A saber-toothed tiger might have stepped on it. A mastodon shaking its behemoth body might have splashed water onto its leaves. And it still grows today.
The creosote clonal ring in Johnson Valley known as King Clone was one of the stars of the show when natural-history writer Chris Clark showed a slideshow of trees and plants that range from very old to ancient.
A full hall of desert aficionados assembled at the Black Rock Visitor Center Feb. 16 to hear Clark’s lecture on old growth.
Clark described the creosote’s clonal ring as “A single, living thing that has fallen into pieces.” Estimating the plant grows outward from the original plant’s germination point at one foot per 300 years, experts say King Clone sprouted 11,400 years ago.
This creosote may be the monarch of ancient life, but the desert is bursting with aged marvels, Clark told the audience.
He showed slides of buckwheat clumps that can live for 700 years. Iodine brush — more than 1,000 years. Clarke projected a photo of a particularly large and robust pencil cholla estimated to have sprouted up to 1,500 years ago.
Clark discussed some of the ways scientists determine a plant’s age and how slowly it grows. During a study in the Mojave Preserve’s Clark Mountain, botanists meticulously cataloged every plant in a plot of land, then returned 15 years later to observe changes.
By this method, they estimated life spans, but in some cases they could set no outward parameter because none of the plants of a specific species died, including buckhorn cholla and ephedra, or Mormon tea.
Not all ancients are plants. Clarke explained the centuries-long process that produces the varnish on desert pavement.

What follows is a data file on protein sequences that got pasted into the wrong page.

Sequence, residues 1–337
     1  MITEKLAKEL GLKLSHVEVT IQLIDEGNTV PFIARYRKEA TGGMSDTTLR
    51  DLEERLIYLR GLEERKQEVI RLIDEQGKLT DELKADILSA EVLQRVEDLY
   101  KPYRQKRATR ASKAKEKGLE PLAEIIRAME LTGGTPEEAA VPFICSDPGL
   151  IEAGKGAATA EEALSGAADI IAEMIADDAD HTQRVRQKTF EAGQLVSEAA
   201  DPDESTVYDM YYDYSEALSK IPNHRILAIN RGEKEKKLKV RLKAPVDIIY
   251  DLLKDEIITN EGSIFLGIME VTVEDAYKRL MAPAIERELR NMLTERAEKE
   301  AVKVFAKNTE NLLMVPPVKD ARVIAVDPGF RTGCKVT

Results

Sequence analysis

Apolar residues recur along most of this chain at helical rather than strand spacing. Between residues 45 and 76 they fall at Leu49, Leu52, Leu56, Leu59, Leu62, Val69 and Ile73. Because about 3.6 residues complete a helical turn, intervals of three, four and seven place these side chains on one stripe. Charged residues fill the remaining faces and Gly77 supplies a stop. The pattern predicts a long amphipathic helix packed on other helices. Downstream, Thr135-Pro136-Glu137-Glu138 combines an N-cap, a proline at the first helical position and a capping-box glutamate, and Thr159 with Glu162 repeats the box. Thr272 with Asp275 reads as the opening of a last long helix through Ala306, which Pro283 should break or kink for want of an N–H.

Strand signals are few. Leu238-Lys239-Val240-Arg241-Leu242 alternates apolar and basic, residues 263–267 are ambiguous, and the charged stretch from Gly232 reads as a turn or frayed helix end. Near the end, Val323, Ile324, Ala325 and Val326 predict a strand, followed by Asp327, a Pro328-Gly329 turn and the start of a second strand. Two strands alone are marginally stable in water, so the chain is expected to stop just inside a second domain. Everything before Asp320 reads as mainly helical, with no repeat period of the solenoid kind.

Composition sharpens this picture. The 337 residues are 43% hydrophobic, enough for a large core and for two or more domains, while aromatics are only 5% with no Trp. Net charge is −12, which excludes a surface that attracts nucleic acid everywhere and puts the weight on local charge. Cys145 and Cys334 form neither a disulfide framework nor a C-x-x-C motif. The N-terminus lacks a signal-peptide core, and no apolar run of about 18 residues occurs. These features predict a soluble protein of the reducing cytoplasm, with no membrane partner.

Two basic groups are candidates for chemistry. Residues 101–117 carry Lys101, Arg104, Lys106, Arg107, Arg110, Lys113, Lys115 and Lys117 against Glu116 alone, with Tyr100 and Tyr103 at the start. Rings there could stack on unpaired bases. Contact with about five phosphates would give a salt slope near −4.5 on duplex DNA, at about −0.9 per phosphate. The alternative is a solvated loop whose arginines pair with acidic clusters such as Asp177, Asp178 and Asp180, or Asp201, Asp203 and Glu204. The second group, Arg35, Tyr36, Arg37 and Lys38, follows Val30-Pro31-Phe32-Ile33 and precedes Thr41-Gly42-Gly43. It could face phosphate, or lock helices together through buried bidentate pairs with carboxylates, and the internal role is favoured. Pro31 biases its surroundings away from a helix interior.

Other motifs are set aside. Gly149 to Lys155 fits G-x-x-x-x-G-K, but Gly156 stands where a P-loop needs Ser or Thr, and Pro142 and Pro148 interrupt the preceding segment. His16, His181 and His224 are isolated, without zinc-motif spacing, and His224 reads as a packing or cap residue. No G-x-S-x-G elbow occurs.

“In some aquifers,” Clarke said, “when you turn on the tap, that water hasn’t seen light since ground sloths roamed.”
Clarke’s first slide was from a favorite camping spot of his east of Cima Dome, a panorama of nearby granite, distant mountains and a Joshua tree forest. Clarke said Joshua trees generally have twice the lifespan of humans.
His next two slides showed the same tree photographed about 60 years apart. In the black and white version, Twentynine Palms pioneer photographer Burton Frasher had captured a particularly distinct-looking Joshua tree (aren’t they all?) growing in the desert northeast of Los Angeles.
The modern-day image of the same plant was the album cover for the band U2’s 1987 album “The Joshua Tree.” As Clarke flipped back and forth between the two images, it was apparent the plant hadn’t grown much in six decades.
Alas, that tree has since fallen over after a long and well-photographed life. Clarke said 300-year-old Joshua trees exist but are a rarity. They are relatively short-lived compared to other plants he mentioned in the lecture.
As the slide show continued, a Google Earth image showed a small, blurry blob Clarke identified as a 13-foot-wide clump of yucca northeast of the Mojave National Preserve. That ancient is no longer there, replaced by an array of solar panels.